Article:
The domestic livestock resources of Turkey: Notes on rabbits and a review of the literature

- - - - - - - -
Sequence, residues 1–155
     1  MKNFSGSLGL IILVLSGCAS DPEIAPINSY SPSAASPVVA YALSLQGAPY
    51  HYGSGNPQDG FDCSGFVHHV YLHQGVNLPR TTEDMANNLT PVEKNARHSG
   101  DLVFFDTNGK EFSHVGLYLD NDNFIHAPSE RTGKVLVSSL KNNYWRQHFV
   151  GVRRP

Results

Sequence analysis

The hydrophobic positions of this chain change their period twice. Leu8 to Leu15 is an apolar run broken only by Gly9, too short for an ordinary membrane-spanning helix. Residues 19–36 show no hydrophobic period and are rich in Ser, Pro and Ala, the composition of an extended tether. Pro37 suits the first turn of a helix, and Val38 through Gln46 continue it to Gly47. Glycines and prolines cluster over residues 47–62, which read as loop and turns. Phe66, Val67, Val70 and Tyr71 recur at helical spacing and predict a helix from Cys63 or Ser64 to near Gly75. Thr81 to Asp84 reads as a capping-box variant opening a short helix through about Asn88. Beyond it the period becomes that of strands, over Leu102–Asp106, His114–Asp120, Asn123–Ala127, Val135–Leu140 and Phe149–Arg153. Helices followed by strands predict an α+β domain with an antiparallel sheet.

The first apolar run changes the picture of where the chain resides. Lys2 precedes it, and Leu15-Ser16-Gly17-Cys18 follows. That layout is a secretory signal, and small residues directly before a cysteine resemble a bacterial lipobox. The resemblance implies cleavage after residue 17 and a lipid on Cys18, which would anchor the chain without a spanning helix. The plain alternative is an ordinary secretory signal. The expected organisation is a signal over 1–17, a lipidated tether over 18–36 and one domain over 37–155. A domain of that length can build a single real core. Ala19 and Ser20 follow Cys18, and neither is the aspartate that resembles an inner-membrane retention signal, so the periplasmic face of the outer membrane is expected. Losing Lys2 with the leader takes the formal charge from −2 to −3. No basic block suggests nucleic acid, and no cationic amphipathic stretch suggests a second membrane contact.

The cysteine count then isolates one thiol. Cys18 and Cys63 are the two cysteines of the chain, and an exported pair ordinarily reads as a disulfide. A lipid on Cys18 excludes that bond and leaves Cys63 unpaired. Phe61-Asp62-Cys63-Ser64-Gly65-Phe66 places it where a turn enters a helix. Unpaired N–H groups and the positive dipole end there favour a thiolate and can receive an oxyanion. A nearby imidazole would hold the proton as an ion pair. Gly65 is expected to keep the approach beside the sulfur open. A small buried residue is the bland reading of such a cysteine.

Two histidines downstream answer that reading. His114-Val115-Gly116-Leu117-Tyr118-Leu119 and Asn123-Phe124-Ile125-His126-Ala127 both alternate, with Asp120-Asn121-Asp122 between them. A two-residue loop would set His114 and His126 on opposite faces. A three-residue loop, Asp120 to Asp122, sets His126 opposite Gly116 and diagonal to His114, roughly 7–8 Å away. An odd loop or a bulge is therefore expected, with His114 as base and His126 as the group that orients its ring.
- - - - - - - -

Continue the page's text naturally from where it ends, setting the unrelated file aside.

Abstract. The Turkish wild rabbit is known from ancient times. As a minor component of Turkey’s array of livestock and poultry there is no official information on numbers or production. The iconic Angora is the only native breed. Imported breeds include New Zealand White, California, Chinchilla, Line V and French Angora. The Angora is a registered breed and is being conserved ex situ in vivo. Official data give Angora weight as 3.5–4.0 kg in males and 4.0–4.5 kg in females, fibre production as 700–800 g from bucks and 1,000 g from does from four clips per year, first breeding age as 6 months, litter size 1–6 kits and production of four litters per year. Production research is limited but generally shows lower fibre output than official data. A comparative study with California and Line V rabbits showed the latter was heavier at birth and grew faster to 10 weeks. The rabbit has been used as an animal model in several studies. There is little information on meat and fibre marketing as there is on international trade but there have been sporadic imports of meat. Pathologies include coccidiosis, mange and myiasis. Constraints include lack of producer knowledge, poor quality feed, inadequate housing and lack of breeding stock. Opportunities lie in public and private support, genetic improvement for fibre for product diversification and increased incomes, improved marketing and niche markets for low cholesterol and low fat meat.